At the heart of the Guide is its emphasis on multi-stakeholder collaboration. When corporate social responsibility (CSR) initiatives originate from within companies themselves and fail to take into the account the interests of local individuals, community groups, and nongovernmental organizations, "adequate baseline information regarding social context, and consensus about overall goals and outcomes" will be missing, according to the report.

Instead of merely focusing on corporate performance, the Guide continued, CSR efforts need to account for the impacts of their efforts on community well-being and sustainability, as reported by those who are most affected.

"The social sustainability process has to be multi-party and collaborative," Schilling said. "Answers will not be found by a company devising its own key indicators and applying them to where it has operations. When we're developing measurements, those communities that are most impacted need to be part of the process."

The Guide also contains a number of case studies indicating that while examples of effective social sustainability may as yet be comparatively rare, successful implementation has occurred. In Nigeria, starting in 2005, Chevron replaced the traditional oil company paradigm of "development dumping," or companies alone deciding what communities need, with a Global Memorandum of Understanding (GMOU) process. Chevron's efforts, the Guide stated, succeeded because "local community members were involved from start to finish." Local people were employed for projects in their communities, and community members supplied Chevron contractors with materials.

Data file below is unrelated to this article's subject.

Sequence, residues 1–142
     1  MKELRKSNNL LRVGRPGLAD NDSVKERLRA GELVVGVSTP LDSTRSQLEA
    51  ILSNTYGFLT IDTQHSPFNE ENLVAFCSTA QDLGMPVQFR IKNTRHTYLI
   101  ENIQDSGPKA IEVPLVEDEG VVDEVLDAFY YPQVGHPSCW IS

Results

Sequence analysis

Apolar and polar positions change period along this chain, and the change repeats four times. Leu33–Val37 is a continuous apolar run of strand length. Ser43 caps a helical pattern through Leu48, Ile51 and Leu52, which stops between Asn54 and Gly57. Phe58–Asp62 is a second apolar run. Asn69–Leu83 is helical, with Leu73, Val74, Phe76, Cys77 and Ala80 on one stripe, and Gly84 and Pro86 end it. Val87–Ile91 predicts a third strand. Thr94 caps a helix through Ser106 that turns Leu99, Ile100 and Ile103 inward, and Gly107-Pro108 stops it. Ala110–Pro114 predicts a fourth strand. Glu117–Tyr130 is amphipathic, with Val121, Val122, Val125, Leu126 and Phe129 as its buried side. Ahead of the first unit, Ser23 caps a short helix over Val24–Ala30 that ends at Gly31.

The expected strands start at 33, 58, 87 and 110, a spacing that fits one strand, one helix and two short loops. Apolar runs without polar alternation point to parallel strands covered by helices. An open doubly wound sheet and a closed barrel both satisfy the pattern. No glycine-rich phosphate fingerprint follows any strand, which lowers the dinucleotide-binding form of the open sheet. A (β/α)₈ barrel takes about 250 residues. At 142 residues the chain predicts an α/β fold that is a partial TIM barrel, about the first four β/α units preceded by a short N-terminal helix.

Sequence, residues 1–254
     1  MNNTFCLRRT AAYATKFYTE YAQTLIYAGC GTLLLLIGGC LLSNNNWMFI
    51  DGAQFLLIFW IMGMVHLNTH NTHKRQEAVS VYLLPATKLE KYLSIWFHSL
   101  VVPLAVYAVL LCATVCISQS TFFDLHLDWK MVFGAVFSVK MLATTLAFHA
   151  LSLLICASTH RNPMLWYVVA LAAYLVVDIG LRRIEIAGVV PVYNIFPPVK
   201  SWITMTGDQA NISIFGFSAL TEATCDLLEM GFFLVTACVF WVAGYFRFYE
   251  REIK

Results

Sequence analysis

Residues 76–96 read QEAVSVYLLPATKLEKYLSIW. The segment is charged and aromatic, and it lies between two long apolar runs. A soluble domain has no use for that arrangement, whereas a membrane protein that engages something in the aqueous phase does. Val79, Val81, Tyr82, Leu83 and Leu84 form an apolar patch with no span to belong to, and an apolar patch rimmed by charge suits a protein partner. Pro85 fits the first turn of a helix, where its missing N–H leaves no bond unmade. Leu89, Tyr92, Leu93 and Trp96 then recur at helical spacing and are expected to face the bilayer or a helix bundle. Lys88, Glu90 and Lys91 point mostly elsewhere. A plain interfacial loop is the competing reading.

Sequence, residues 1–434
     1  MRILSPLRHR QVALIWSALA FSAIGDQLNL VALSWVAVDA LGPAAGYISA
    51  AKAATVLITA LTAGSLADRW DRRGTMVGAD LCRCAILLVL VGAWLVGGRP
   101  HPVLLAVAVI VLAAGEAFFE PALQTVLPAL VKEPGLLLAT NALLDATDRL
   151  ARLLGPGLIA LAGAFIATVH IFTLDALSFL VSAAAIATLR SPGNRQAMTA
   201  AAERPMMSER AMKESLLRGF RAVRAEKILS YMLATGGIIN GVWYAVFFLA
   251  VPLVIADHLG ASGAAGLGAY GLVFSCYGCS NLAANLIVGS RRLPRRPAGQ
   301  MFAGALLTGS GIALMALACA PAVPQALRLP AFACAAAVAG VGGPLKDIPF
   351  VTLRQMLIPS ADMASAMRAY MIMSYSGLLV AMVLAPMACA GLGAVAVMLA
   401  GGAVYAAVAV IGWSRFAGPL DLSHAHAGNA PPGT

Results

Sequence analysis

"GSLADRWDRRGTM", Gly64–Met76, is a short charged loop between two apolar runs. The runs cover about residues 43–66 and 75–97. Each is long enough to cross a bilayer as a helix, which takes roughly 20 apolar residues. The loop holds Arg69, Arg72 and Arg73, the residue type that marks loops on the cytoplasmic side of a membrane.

In the Philippines, PepsiCo partnered with the Wholistic Transformation Resource Centre (WTRC) to form WaterHope, an initiative for bringing safe, clean drinking water to poor communities. The water is more affordable than alternatives on the market, and WaterHope provides free drinking water to schools, churches, health clinics, and public transport stations.

To measure the success of the outcomes of WaterHope, the partners adapted the model created by the London Benchmarking Group (LBG), whose framework helps companies develop benchmarks and measure impacts on community investments. WaterHope has led to the creation of some 150 associated microenterprises, and also initiated health and education community development programs.

A time-tested strategy for strengthening communities that has often been employed by sustainable investors is shareowner activism, and the reports details how Domini Social Investments engaged with the US steel company Nucor to address slave labor in its Brazilian pig iron supply chain. As a result of Domini's engagement, Nucor committed to a number of policies to ensure that its supply chain was free of forced labor, and also agreed to publish annual progress reports on the implementation of its policies.

The Guide concludes with a number of recommendations for investors, companies, nongovernmental organizations (NGOs), and governments; however, as Schilling said, "This resource is not the end of the story. Investors can't do it alone, companies can't do it alone, and governments can't do it alone."

Schilling told that ICCR is scheduling a series of webinars for members, companies, other key stakeholders, and mainstream investors as well, perhaps through collaboration with the PRI Clearinghouse of the United Nations' Principles for Responsible Investment Initiative (PRI).

"It's important to not just reach the ICCR family but the broader community of mainstream investors as well," Schilling observed.